O World Usability Day 2017 trouxe a Guimarães um conjunto muito interessante de experts mundiais em áreas muito específicas do desenvolvimento tecnológico para carros. Tivemos, por exemplo, a Dr. Nora Broy, uma engenheira da BMW que é a referência na área dos dispositivos de visualização 3D, uma tecnologia que ainda nem existe comercialmente no contexto automóvel. Tivemos também connosco o Tim Smith, um designer inglês da empresa UsTwo que apresentou uma proposta/conceito para um veículo autónomo que foi especialmente pensado, tendo em conta as particularidades de alguns londrinos. Lembro-me, por exemplo, que o design deles incluía uns pequenos espelhos retrovisores, apesar de ser uma proposta para um veículo totalmente autónomo e estes extras serem obsoletos neste contexto. No entanto eles deixaram ficar os espelhos porque esta é uma característica fundamental para pessoas com problemas visuais perceberem a orientação de um veículo estacionado.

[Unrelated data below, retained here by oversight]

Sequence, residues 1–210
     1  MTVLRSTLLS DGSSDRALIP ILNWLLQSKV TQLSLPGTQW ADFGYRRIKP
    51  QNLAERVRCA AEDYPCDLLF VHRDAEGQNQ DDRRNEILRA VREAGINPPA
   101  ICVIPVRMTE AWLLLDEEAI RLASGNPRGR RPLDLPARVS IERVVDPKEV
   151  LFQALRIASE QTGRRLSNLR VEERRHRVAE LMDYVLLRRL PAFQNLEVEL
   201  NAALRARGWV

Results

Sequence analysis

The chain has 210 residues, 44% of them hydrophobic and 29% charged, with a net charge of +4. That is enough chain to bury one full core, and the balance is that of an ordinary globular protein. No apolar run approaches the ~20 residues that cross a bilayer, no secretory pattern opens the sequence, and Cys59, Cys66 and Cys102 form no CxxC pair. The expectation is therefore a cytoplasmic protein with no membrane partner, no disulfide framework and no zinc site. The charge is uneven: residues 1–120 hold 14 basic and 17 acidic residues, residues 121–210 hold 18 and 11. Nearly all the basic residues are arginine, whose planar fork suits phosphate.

Este encontro serviu também para ficar com uma noção muito clara de quais são os desafios tecnológicos atuais e que tecnologia poderemos encontrar num futuro próximo.

No entanto o foco principal, como indica o nome do evento, estava colocado no estudo dos utilizadores em interação com a tecnologia. Todos os investigadores que falaram abordaram questões de fatores humanos ou usabilidade que influenciaram ou acabaram por definir o processo de desenvolvimento de determinada tecnologia. Podemos dizer que a mensagem para levar para casa foi: antes de começar a desenvolver tecnologia é fundamental estudar a fundo o utilizador final.


O CCG detém atualmente uma parceria com a Bosch Car Multimedia e a Universidade do Minho no âmbito da condução autónoma, nomeadamente, ao nível do programa INNOVCAR, que procura contribuir para avanços na direção da condução autónoma. Em que consiste este projeto?